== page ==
As WSU’s cryogenics lab was coming together, space industry scientists were seeking associates to help test assumptions about how liquid hydrogen interacts with helium. Rocket fuel tanks are pressurized with helium. Scientists assumed some helium is absorbed back into hydrogen fuel during flight, but needed more data in order to predict fuel and engine performance.
As a senior, Richardson undertook an in-depth study of one of hydrogen’s isotopes: deuterium, or heavy hydrogen.
In early 2012, HYPER Lab received funds from the Joint Center for Aerospace Technology Innovation to measure the densities of hydrogen-based, cryogenic fuels. Leachman tapped his student for the work.
Richardson, now on track to receive a Ph.D. in material science and engineering, was in heaven. He was able to employ his expertise in thermodynamic property measurement while finally pursuing his passion for building and design. Richardson’s new doctoral research design scheme included high-pressure plumbing, cryogenic refrigeration, and vacuum systems, all in the service of the space industry.
Rebuilding a balance and boosting a field
The core device for Richardson’s density measurements was an older magnetic suspension balance. The instrument, designed to measure the density of liquids, wasn’t built for cryogenics, so it had to be repaired and then retrofitted.
It took six months and hundreds of hours of labor to get the finicky machine to register anything.
The magnetic suspension balance, or densimeter, includes a mechanism reminiscent of claw arcade games – the ones where players attempt to grasp and retrieve prizes. Within an internal case is a quartz crystal with a small hook at the top, connected to a permanent magnet. Above that case is an electronic magnet that picks up the permanent magnet and quartz, and allows the machine operator to lower the quartz into the liquid being measured.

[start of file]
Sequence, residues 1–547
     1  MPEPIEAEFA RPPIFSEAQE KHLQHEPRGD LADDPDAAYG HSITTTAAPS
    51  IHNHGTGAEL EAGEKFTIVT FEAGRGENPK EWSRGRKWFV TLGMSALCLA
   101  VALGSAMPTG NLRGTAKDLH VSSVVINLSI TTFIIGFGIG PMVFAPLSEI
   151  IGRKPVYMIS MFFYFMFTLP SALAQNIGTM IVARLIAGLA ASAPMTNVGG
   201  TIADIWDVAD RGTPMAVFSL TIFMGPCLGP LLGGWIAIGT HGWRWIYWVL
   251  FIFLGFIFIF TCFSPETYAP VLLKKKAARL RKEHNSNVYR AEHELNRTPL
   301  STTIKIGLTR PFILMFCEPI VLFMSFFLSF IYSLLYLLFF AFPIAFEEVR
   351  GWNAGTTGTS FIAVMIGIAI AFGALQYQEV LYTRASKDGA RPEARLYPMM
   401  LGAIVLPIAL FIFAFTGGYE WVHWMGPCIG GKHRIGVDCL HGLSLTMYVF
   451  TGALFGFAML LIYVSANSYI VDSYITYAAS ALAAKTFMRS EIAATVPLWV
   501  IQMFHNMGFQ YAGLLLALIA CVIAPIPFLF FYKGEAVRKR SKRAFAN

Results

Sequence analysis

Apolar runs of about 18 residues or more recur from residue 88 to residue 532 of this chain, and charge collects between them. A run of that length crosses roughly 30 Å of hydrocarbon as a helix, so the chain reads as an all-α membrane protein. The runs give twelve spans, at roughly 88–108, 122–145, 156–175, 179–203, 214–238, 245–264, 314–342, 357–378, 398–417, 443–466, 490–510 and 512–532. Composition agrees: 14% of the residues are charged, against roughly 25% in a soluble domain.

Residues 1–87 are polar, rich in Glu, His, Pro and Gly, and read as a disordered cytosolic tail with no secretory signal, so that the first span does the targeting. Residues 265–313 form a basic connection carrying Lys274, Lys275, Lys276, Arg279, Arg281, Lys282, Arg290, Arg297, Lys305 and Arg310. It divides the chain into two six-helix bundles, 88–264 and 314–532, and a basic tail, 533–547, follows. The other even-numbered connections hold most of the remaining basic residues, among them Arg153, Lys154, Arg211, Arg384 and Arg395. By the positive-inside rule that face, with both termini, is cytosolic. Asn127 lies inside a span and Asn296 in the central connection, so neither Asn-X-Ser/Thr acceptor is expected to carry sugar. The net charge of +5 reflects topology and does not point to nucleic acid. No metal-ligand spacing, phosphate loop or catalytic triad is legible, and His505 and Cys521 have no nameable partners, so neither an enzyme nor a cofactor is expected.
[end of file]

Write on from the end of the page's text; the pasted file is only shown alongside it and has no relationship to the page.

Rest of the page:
Richardson realized that the permanent magnet had lost some of its charge over the years and could no longer lift the quartz. To have one custom made would be costly and time-consuming.
“I was sitting around one day and thought, ‘Hey! I don’t need to get a whole new magnet, I just need to boost the net magnetic field,’ ” he says. “So I bought a bunch of generic, 50-cent magnets online and just stuck them on. That’s when I finally got something to register.”
WSU’s HYPER Lab magnetic suspension balance is the only densimeter in the world that can operate at the low, low, temperatures required for cryogenic liquid density measurements.
“A lot of people say we’re setting a new standard,” says Leachman. “Anybody who does helium-hydrogen mixture properties now uses Ian’s work.”
Simulating the oceans of Titan
In the 2030s, NASA plans to deploy a mammoth rocket to fly a submarine to Titan, one of the moons of Saturn. The Titan submarine will explore a large sea called Krakan Mare to discover its properties and phenomena. NASA scientists believe that the mission will further our understanding of the evolution of life on Earth and potential life elsewhere in the galaxy.
Kraken Mare, like all the seas of Titan, is made of liquid methane and ethane. Richardson is simulating the seas and atmosphere of Titan in order to provide NASA scientists with data to use in their predictive models and designs.
Richardson already has achieved many of his goals, and he continues to dream big. “There’s all kinds of things I want to do, places I want to go. I’d like to go to Saturn, but I’ll start with the moon,” he says with a grin.
Learn more about how Washington State University researchers untangle complex problems to enrich quality of life for us all.